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10 Tips on Owning the Room at Competition

Written by Tiffany Weagly-Wilkie

September 26, 2016

Have you ever wondered how to do well at competition? It’s more than just doing well during your performance. These ten tips will give you the edge on the competition. Be sure to rehearse with them every time.

1. Do several mock performances prior to the performance.

In these mock performances, treat them like they’re the real thing. Do everything that you’ll do on the actual performance day. Make your mistakes and get feedback on them from friends or your director. Learn from your mock mistakes, so you won’t make them on the real day.

2. Iron your clothes.

You would be surprised how few performers think to do this. An ironed skirt or shirt will give the impression that you put thought into your overall look. It also shows that you have pride in your performance.

3. Warm-up before you go in the room.

Separate yourself from the others who are auditioning or competing. Spend 30 minutes warming up mentally, physically, and emotionally.

4. See yourself succeeding.

Before you go into the room, take a moment to mediate on an image of you succeeding. Performers like to focus on what could go wrong and what is out of their control. Instead, focus on seeing yourself succeed: cheering at your awards, hugging your friends, or smiling when you’ve found out you’ve been accepted to a program.

5. Walk into the room like you already own it.

Judges look for the few performers who can walk into a room and put it at ease. When you are able to approach the adjudicators with a cool confidence it’ll set the tone for your performance and relax the energy in the room. Let the judges know with your confidence that you’ll take care of everything from here on out.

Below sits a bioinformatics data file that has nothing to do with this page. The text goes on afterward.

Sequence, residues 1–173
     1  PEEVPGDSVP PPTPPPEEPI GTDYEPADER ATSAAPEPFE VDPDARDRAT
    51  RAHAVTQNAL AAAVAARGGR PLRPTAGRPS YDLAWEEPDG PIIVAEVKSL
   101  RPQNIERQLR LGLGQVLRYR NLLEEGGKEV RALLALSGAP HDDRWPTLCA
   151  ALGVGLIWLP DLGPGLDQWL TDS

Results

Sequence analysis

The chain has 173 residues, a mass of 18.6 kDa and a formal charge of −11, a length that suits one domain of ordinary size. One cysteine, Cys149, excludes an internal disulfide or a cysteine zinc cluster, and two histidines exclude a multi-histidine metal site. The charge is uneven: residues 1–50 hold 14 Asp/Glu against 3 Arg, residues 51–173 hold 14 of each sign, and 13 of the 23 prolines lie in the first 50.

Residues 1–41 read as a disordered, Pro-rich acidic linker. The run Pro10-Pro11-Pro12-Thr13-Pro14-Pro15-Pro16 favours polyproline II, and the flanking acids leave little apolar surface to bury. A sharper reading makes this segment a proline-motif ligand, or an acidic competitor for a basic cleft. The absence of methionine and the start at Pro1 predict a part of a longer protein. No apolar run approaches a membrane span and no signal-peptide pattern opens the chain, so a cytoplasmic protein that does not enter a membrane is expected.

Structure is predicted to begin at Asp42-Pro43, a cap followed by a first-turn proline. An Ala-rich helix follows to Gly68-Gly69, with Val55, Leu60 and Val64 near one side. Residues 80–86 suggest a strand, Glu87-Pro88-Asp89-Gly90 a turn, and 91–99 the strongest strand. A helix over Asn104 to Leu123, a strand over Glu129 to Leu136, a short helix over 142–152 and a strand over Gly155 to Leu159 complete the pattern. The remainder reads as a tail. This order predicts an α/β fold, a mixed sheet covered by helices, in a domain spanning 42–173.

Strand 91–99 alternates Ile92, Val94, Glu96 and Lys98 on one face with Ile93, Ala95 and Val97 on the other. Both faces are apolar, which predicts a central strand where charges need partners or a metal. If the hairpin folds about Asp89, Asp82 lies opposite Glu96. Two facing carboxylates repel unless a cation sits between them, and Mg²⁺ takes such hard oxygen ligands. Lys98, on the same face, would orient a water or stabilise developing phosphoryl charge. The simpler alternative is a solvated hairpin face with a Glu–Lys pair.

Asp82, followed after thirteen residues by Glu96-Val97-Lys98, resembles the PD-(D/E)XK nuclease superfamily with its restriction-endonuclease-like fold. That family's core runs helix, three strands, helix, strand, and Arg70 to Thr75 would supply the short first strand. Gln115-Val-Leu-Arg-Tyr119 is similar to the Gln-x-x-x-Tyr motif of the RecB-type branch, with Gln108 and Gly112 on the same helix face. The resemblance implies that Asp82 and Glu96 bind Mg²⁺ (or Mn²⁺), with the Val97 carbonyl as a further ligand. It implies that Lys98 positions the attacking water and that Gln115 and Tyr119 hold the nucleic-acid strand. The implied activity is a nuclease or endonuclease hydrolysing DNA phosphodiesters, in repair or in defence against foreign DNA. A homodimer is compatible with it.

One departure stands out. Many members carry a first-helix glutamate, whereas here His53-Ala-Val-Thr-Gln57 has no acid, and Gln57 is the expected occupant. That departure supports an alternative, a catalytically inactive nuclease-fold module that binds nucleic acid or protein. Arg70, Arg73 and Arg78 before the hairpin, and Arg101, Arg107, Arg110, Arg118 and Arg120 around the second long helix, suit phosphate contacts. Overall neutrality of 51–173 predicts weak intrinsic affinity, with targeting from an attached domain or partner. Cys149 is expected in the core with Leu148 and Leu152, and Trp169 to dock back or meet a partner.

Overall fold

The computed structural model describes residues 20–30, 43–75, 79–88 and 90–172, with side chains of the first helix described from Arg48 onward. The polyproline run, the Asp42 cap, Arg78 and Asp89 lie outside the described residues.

6. Be yourself during your introduction.

Nothing is more refreshing than authenticity in introductions. Actors often slip into a robotic trance during intros, which can make them seem like everyone else. Don’t be afraid to be yourself. Say “Hello” and mean it.

7. Take a moment to get into character.

Taking a few beats after you have finished your introduction will show that you have worked on a “moment before” – what happens to your character immediately before your monologue. It’s always refreshing to see an actor who has taken the time to consider what has happened before the scene begins.

8. Say “Thank You” when you have finished.

Authentically thanking the people who just watched your performance is a beautiful way to conclude your time in the room.

9. Walk out with good energy.

No matter what happens in the room, exit like you have just done your best performance ever. Take that energy with you out the door.

10. Be nice to yourself.

When the performance is over, be your own cheerleader. Find a quiet place to reflect on what went right in the room. If you journal, write down your thoughts and feelings immediately following the performance. Treat yourself better than you would treat anyone else.


For more about Tiffany Weagly-Wilkie, check out her interview with our Performer Stuff Editor in which she shares her passion for teaching and directing young theatre artists.


Tiffany Weagly-Wilkie is the Director of Theatricals for PerformerStuff.com. She also serves as the Casting Director for The Imagination House.
Thumbnail from The American Academy of Dramatic Arts.